Writing and Reckoning: Sign Systems and Argument in Verbal and Mathematical Communication

  Carolyn Collette,


Giuliana Davidoff,


Index | Syllabus  |  Language of Mathematics  |  Fermat's Last Theorem

Fermat's Last Theorem: Language and Mathematics

Meg Baker
March 24 1998

Andrew Wiles said that he first became interested in Fermat's last theorem when he was ten and reading a book about mathematics. What is intriguing about this story is that the problem that puzzled mathematicians for so long was simple enough in its language that a ten year old could understand it. Even granting that Andrew Wiles was far from the average ten year old (what ten year old do you know who reads a math book for fun?), it is impressive that a question so complex could be comprehended by one so young.

Another interesting observation regarding the use of language between mathematicians refers not to the question but to part of the answer. "What is a modular function?" asks the naive interviewer. The immediate answer is that it is impossible to define. And this is not a reply from simply one mathematician. It is rather the reply of all of the members of this community. "A modular function? You can't define a modular function!" "Well, it's sort of like a bridge…" "Like a dictionary…" Mathematicians in this case must rely on metaphor and figurative speech to translate this 'truth' into an understandable item. This use of metaphor and figurative language can be probably best related to the experience of one who has been asked, "What is God?" and told to give a short explanation. Like this person, mathematicians sputter and prowl around for a definition of something which in their society is apparently taken to be so intrinsically true, and so complicated that is rarely questioned, and never simply defined.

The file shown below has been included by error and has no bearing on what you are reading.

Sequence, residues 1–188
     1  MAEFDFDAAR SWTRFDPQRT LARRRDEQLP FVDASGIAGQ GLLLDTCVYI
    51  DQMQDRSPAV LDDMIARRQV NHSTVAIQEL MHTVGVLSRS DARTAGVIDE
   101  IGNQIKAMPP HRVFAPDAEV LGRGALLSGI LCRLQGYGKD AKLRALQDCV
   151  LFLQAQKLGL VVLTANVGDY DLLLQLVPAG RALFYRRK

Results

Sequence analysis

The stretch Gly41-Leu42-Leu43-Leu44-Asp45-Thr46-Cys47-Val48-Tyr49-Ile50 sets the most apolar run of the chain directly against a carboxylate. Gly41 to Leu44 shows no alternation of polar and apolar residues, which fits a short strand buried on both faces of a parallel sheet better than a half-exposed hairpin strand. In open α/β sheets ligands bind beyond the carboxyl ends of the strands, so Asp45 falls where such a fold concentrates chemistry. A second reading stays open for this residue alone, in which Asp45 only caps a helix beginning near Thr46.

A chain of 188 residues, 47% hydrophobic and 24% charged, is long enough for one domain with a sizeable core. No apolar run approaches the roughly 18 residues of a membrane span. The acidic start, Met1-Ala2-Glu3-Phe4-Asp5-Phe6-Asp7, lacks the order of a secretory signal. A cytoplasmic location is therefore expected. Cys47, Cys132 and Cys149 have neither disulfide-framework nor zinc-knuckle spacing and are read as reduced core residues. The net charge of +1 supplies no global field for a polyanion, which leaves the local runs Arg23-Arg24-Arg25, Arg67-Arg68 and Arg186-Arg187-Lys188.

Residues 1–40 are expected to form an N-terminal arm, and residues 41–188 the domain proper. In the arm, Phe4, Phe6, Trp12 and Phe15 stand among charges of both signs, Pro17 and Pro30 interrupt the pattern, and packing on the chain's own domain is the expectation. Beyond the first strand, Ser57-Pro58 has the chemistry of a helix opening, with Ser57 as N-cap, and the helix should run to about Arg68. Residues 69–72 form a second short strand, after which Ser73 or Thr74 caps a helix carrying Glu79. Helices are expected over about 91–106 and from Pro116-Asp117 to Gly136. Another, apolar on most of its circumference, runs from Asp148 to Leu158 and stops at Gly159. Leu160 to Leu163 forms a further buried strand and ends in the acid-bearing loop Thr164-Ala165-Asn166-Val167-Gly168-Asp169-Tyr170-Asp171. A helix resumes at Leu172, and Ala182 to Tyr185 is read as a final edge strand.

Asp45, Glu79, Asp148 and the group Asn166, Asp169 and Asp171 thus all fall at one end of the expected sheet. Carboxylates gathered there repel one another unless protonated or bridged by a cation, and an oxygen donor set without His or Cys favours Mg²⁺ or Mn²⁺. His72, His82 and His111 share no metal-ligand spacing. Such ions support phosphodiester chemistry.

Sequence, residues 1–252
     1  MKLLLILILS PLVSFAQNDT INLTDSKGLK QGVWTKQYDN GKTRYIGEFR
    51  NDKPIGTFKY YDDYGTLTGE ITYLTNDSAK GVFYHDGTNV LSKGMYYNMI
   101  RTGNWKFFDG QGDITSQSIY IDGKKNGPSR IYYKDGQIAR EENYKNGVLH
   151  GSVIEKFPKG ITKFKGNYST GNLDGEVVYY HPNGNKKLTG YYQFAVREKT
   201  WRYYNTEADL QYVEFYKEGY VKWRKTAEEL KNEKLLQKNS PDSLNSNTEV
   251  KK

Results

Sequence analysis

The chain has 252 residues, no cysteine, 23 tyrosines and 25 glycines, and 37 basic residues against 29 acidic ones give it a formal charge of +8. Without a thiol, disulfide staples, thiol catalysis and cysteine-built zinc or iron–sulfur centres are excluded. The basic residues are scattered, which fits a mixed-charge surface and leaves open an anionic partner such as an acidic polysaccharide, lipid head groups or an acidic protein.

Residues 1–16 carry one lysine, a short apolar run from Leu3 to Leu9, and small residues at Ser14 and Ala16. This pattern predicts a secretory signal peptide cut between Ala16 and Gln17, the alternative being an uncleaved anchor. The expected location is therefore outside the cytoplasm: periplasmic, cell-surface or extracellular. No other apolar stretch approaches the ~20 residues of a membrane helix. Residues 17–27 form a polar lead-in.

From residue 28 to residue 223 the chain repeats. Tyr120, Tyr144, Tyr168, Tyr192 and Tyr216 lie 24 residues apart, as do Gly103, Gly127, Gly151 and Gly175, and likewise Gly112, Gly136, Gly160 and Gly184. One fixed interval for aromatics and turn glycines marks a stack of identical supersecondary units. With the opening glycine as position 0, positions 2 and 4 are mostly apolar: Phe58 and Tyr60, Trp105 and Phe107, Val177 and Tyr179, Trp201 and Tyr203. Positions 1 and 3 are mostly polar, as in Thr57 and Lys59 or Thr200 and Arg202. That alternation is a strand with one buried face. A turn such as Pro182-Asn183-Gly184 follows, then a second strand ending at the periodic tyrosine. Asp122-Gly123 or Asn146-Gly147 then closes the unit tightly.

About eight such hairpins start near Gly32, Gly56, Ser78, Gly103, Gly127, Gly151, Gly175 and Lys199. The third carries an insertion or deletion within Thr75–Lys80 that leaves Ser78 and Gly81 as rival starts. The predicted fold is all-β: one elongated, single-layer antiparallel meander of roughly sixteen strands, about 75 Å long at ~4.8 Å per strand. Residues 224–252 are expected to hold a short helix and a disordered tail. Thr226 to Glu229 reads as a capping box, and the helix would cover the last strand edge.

Mathematicians reaction to "What is a modular function?" indicates not simply another language which must be translated, but also the reflection of another culture entirely, founded on proof after proof, all stacked atop theories about the way that the world works. Perhaps it does these mathematicians some good to reanalyze this society, and to question all of its validity. So I ask, "What is a modular function?"


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Copyright © 1999 Mount Holyoke College. This page created by Math Across the Curriculum and maintained by Jennifer Adams. Last modified on August 8, 1999.